At that time, they also put bills like the American Clean Energy and Security Act, better known as the cap-and-trade bill, and the Home Star energy retrofit bill on a legislative fast track. All of these were part of the legislative freight train rolling downhill until the elections of 2010 — when most of the controversial bills coming to a screeching halt.
In the 2010 elections, the Republicans took control of the House and tightened up the difference in the Senate. What we have had since then is legislative gridlock with the words compromise and bipartisan used to denigrate politicians who are not conservative or liberal enough for their base.
I know a portion of you reading this are thinking, “Great. This is exactly what we need. That way the government can’t get in our way.”
Well, not so fast, my friend. What I’ve learned is that the slowdown in legislation has led to increased activity elsewhere in the capital. Since the 2010 elections, there has been a flurry of activity at federal departments, agencies, boards, and commissions. According to Charlie McCrudden, vice president of government relations for the Air Conditioning Contractors of America (ACCA), President Obama’s administration now must now rely on the “levers that they have through the regulatory agencies.”
Jon Melchi, director of government affairs for Heating, Air-conditioning, Refrigeration Distributors International (HARDI), agreed. “The regulatory environment is having an impact on our business, and it’s coming from all directions right now,” he said.
Here’s a hot list of activity at some of the federal bureaucracies that are having a direct impact on contractors and distributors.
The Department of Energy (DOE) is working to issue its Guidelines for Home Energy Professionals. According to the DOE website, these guidelines will “foster the growth of a high-quality residential energy upgrade industry and a skilled and credentialed workforce.” The guidelines include four certifications in the home energy upgrade industry: energy auditor, retrofit installer, crew leader, and quality control inspector.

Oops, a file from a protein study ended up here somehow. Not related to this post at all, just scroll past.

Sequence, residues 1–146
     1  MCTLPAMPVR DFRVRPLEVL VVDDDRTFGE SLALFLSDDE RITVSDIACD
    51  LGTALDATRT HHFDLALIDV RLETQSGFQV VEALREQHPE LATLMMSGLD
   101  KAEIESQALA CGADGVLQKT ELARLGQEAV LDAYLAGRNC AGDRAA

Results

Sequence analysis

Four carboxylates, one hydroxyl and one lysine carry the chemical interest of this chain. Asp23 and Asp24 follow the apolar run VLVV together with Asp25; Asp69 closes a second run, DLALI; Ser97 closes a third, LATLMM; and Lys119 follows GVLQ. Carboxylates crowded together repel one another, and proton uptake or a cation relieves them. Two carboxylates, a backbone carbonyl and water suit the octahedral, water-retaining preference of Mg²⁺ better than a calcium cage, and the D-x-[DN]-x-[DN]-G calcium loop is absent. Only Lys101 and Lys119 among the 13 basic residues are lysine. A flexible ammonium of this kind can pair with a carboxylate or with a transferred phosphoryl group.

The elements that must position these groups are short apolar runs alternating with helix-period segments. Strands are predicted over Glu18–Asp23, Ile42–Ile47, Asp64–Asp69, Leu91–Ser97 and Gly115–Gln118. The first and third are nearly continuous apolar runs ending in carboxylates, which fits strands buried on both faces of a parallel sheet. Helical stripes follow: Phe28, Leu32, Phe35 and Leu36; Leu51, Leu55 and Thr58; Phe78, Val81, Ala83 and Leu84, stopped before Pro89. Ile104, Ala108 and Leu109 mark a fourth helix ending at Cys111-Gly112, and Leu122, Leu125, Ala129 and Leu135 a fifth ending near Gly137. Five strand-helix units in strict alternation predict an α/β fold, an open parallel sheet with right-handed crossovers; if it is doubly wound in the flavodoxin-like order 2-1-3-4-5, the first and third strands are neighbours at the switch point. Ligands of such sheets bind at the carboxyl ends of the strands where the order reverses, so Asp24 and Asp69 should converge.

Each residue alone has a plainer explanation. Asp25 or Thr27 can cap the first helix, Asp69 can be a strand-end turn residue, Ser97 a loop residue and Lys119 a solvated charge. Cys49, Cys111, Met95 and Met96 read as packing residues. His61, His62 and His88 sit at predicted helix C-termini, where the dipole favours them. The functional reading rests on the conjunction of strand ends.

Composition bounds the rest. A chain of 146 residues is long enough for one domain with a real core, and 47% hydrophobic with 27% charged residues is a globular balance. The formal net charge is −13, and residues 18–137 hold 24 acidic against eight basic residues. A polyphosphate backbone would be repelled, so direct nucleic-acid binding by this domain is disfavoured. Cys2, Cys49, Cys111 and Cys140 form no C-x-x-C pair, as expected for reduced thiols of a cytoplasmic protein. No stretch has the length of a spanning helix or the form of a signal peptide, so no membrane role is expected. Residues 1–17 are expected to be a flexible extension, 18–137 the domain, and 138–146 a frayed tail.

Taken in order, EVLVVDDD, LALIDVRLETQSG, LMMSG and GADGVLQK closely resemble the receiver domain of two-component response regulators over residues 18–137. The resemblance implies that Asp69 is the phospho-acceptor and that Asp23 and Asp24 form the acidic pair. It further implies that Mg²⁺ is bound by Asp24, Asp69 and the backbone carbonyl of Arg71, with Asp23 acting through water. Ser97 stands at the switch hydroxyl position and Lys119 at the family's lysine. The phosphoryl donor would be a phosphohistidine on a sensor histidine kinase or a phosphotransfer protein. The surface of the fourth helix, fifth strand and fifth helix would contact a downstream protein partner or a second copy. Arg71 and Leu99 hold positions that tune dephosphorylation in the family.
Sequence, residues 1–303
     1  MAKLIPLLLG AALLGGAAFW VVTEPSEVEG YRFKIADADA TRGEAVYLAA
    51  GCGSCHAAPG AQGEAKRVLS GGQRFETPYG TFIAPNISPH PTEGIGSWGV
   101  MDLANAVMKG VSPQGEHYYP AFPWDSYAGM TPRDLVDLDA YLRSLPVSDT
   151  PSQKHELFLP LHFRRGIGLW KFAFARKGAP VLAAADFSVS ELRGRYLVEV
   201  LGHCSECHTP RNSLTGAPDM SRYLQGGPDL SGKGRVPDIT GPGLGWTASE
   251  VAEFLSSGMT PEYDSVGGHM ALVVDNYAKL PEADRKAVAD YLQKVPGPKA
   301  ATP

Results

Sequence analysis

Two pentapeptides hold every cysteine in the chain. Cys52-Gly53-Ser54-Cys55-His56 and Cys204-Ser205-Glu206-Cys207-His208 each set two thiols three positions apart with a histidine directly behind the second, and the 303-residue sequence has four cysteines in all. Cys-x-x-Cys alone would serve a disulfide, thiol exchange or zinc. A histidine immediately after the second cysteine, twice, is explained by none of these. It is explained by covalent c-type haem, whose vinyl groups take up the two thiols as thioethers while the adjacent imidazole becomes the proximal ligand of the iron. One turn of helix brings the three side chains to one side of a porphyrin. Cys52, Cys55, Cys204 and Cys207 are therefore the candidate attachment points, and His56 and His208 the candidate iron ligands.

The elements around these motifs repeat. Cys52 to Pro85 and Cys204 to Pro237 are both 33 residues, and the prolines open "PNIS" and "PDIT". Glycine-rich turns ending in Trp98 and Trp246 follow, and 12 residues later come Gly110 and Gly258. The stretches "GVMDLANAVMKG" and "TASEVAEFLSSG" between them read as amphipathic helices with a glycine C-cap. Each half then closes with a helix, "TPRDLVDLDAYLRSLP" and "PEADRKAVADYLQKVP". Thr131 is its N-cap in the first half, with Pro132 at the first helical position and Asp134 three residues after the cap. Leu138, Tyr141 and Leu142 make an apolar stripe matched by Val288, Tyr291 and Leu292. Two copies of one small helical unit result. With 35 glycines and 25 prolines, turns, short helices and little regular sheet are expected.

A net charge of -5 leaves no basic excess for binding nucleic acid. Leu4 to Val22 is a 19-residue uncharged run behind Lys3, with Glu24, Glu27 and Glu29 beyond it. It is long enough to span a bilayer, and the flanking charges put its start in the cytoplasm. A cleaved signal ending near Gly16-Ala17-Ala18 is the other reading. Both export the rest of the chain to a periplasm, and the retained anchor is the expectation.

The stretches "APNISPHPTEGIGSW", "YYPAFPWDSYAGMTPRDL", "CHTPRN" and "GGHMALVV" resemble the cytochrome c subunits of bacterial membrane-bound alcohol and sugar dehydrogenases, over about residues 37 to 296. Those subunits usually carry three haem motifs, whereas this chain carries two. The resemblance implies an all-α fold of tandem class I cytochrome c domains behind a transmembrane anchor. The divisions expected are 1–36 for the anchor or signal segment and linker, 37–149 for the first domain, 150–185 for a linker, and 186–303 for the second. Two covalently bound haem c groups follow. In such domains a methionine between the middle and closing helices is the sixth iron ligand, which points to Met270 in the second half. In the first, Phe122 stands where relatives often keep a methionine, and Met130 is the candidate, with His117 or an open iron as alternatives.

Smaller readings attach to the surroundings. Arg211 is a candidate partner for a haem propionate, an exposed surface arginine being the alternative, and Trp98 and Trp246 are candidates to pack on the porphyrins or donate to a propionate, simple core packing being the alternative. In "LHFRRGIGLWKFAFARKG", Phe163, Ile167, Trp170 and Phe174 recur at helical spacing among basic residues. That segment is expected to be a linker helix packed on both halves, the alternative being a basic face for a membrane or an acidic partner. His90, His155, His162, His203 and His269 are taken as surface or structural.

This sounds good, but it was originally developed outside the HVAC industry. Recognized industry training and education groups like ACCA and North American Technician Excellence (NATE) had limited means for input once it was put to public review. Do you really want the DOE telling you how to certify your techs?
The National Labor Relations Board (NLRB) passed a controversial accelerated election rule at the end of 2011. According to a recent blog by McCrudden, this election rule “put time on the side of the union, and it essentially deprives employers of a significant number of their previous due process rights.”
This move has been temporarily halted by a lawsuit and subsequent ruling by a federal district court judge. Yet, according to McCrudden, it still may pose many hurdles for employers facing a union election. He noted that, among other things, the new rule includes provisions to limit the filing of post-hearing briefs and delay NLRB review and resolution for pre-election issues (including questions of voter eligibility) until after an election has already been conducted.
The Equal Employment Opportunity Commission (EEOC) recently issued guidance documents regarding the use of arrest or conviction records in employment decisions. They are called “guidance documents” because the commission does not have the authority to issue a rule, but EEOC does throw its weight as a federal agency behind its publications. Under the section that describes best practices for employers, the document recommends that employers who are considering criminal record information when making employment decisions “eliminate policies or practices that exclude people from employment based on any criminal record.”
These are just a few examples of the current regulatory activism in D.C. I don’t have room to go into the recent DOE ruling on regional standards, the Environmental Protection Agency (EPA) ruling on the manufacture of dry-charge R-22 condensing units, or the Occupational Safety and Health Administration (OSHA) and Federal Trade Commission (FTC) rulings that are making distributors pull their hair out.
Industry associations like ACCA, HARDI, and the Air-Conditioning, Heating and Refrigeration Institute (AHRI) have been putting significant resources and man-hours behind efforts to positively influence and steer these agencies. In fact, ACCA and HARDI were part of a 600-plus member group called the Coalition for a Democratic Workplace that joined the Chamber of Commerce in the successful NLRB lawsuit.
For members of the HVAC industry, ask yourself: Is now the time to join an association? And, furthermore, is now the time to invest in industry-sponsored fly-ins to Washington, D.C., so that your voice can be heard? I think the answer is a resounding yes.
Publication date: 05/28/2012